hi.. i need help with this program. this is a program to turn 'ON' and 'OFF' 1 LED using 2 push buttons.
the underline statement suppose to wait for button press. but it is alway false even i have press the button. is there any one who can tell me what's wrong with the statement.. thank alot..

#include <p18f4620.h>

#pragma config OSC = HS                              
#pragma config WDT = OFF
#pragma config LVP = OFF

#define btn_on     PORTBbits.RB4
#define btn_off     PORTBbits.RB5
#define led           PORTAbits.RA0

void on(void);
void off(void);
void Delay(void);

void main(void)
{
TRISA = 0;                          //set Port A(LED) as output
PORTAbits.RA0 = 0;             //reset LED
Rpt:
   [U] if (btn_on || btn_off)[/U]        //wait for btn press
    {   
              if (btn_on == 1)     //btn on pressed 
              {
                      Delay();     //This is the real trick, Debounce the input!!
                      if (!btn_on)      //btn on still pressed?
                          goto Rpt;     //No
                      on();
              }
               if (btn_off == 1)      //btn off pressed
              {
                      Delay();      //This is the real trick, Debounce the input!!
                      if (!btn_off)      //btn off still pressed?
                          goto Rpt;     //No
                      off();
              }
}
goto Rpt;
} //end main

    void on(void)
    {
Rpt_on:
       while(btn_on);             //wait for btn(RB4) released 
        Delay();                     //debounce
        if (btn_on)                  //btn on still released?
            goto Rpt_on;            //No
       PORTAbits.RA0 = 0x0F;        //on LED
    } //end on

    void off(void)
    {
Rpt_off:
       while(btn_off);           //wait for btn(RB5) released 
        Delay();                   //debounce
        if (btn_off)                //btn off still released?
            goto Rpt_off;         //No
       PORTAbits.RA0 = 0x00;      //off LED
    } //end off

void Delay(void)
{
int i;
for(i=0; i<2048; i++);
}

1. Don't use goto, language provides so many other better/safer/understandable ways.
2. Seems like PORTAbits.RAXX is an int/short instead of a boolean. I would suggest:
A) Trace out their values.
B) See how to check such flags. I remember there was some thread where I described how bitwise operations are done for exactly this purpose.

Consider writing a version which runs on your PC first, to get all of the logic sorted out.

With practice, you can do this well enough that the amount of work you need to do to get it to also do the same thing on your target is pretty minimal. If the host works, and the target doesn't, and the number of changes are localised, it really narrows down the stuff you have to look at.

Eg.

#if defined(HOST)

#include <stdio.h>
#include <stdlib.h>

#else  /* HOST */

#include <p18f4620.h>

#pragma config OSC = HS                              
#pragma config WDT = OFF
#pragma config LVP = OFF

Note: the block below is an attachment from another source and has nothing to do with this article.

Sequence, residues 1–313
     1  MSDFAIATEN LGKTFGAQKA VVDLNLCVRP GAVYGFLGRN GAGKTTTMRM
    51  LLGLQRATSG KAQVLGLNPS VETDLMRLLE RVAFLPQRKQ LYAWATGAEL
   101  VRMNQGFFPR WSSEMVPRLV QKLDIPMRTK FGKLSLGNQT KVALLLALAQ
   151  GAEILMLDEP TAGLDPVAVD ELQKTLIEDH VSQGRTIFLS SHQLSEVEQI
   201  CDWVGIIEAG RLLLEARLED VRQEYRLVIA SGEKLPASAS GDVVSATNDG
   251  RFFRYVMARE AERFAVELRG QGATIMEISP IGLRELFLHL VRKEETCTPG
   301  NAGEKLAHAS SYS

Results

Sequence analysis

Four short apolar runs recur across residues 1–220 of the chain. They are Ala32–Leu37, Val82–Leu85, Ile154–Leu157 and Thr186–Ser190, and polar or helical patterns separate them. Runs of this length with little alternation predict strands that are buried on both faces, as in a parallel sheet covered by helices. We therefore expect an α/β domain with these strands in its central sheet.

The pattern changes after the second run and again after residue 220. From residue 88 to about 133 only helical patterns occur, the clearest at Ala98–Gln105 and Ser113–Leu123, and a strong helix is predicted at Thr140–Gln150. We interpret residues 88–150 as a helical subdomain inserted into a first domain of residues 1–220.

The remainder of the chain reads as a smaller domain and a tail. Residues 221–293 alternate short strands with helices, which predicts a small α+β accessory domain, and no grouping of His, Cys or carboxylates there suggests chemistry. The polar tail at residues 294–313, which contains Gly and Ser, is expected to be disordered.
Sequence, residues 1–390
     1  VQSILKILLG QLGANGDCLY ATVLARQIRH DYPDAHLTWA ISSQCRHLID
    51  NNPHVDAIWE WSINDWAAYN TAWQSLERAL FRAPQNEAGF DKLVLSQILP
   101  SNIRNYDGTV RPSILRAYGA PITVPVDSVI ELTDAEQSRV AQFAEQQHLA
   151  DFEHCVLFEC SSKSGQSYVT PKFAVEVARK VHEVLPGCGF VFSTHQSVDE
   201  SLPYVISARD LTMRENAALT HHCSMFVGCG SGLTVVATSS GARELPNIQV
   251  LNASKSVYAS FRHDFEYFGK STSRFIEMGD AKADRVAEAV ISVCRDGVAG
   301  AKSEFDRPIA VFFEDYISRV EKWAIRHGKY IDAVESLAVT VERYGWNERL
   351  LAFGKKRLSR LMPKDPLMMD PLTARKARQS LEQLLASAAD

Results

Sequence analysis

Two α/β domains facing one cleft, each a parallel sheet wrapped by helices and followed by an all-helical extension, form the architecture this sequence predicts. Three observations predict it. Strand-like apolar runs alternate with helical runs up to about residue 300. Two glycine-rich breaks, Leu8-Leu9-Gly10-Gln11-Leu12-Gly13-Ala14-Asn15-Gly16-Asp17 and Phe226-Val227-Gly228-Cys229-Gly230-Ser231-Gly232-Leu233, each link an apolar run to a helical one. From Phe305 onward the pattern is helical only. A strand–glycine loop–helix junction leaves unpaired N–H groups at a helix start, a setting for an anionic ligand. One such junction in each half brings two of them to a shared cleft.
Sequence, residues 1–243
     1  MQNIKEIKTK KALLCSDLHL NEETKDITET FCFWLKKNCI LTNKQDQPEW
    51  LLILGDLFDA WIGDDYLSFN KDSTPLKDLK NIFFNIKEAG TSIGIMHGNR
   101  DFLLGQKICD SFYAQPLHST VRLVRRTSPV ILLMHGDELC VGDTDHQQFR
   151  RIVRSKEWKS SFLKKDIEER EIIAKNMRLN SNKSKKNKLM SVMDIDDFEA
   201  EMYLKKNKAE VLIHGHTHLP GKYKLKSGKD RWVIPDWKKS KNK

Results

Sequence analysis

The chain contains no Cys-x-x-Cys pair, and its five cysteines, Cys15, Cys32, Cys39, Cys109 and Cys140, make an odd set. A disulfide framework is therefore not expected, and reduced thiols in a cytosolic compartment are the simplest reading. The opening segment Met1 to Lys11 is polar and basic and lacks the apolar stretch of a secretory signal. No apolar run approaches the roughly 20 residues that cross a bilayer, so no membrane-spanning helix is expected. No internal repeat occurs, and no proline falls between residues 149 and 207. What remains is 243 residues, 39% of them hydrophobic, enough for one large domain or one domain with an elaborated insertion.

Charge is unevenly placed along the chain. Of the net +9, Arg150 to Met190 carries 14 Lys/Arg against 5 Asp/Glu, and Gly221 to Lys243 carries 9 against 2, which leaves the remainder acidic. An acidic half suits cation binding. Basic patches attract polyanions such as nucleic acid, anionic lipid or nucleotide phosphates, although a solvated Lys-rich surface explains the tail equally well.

#define btn_on     PORTBbits.RB4
#define btn_off    PORTBbits.RB5
#define led        PORTAbits.RA0

#endif  /* HOST */

void led( int state );
int  pressed( int button, int state );

int main ( ) {
    int btn1 = 0, btn2 = 0;

#if !defined(HOST)
    TRISA = 0;  // set Port A(LED) as output
    led = 0;    // reset LED
#endif

    for ( ; ; ) {
        btn1 = pressed( 1, btn1 );
        btn2 = pressed( 2, btn2 );
        if ( btn1 && !btn2 ) {
            led( 1 );
        } else
        if ( btn2 && !btn1 ) {
            led( 0 );
        }
    }
}

void led ( int state ) {
#if defined(HOST)
    printf("The LED state is %d\n", state );
#else   /* HOST */
    if ( state == 1 ) {
        led = 0x0F;
    } else {
        led = 0x00;
    }
#endif  /* HOST */
}

int pressed ( int button, int state ) {
#if defined(HOST)
    char buff[100];
    printf( "Button %d is currently in state %d; 1=Press, 0=Release > ", 
            button, state );
    fflush(stdout);
    fgets( buff, sizeof buff, stdin );
    sscanf( buff, "%d", &state );
    return state;
#else   /* HOST */
    if ( button == 1 ) {
        return btn_on;
    } else {
        return btn_off;
    }
#endif  /* HOST */
}

Compiling on the host for example,

$ gcc -DHOST foo.c
$ ./a.exe
Button 1 is currently in state 0; 1=Press, 0=Release > 0
Button 2 is currently in state 0; 1=Press, 0=Release > 0
Button 1 is currently in state 0; 1=Press, 0=Release > 1
Button 2 is currently in state 0; 1=Press, 0=Release > 0
The LED state is 1
Button 1 is currently in state 1; 1=Press, 0=Release > 1
Button 2 is currently in state 0; 1=Press, 0=Release > 0
The LED state is 1
Button 1 is currently in state 1; 1=Press, 0=Release > 0
Button 2 is currently in state 0; 1=Press, 0=Release > 0
Button 1 is currently in state 0; 1=Press, 0=Release > 0
Button 2 is currently in state 0; 1=Press, 0=Release > 1
The LED state is 0
Button 1 is currently in state 0; 1=Press, 0=Release > 0
Button 2 is currently in state 1; 1=Press, 0=Release > 0
Button 1 is currently in state 0; 1=Press, 0=Release >

When you compile the same code for the target, it won't have "-DHOST" so you'll get all the code which reads switches directly and which writes to the LED directly. Assuming you're happy with the logic of how it worked on the host, then it should do the same on the target.

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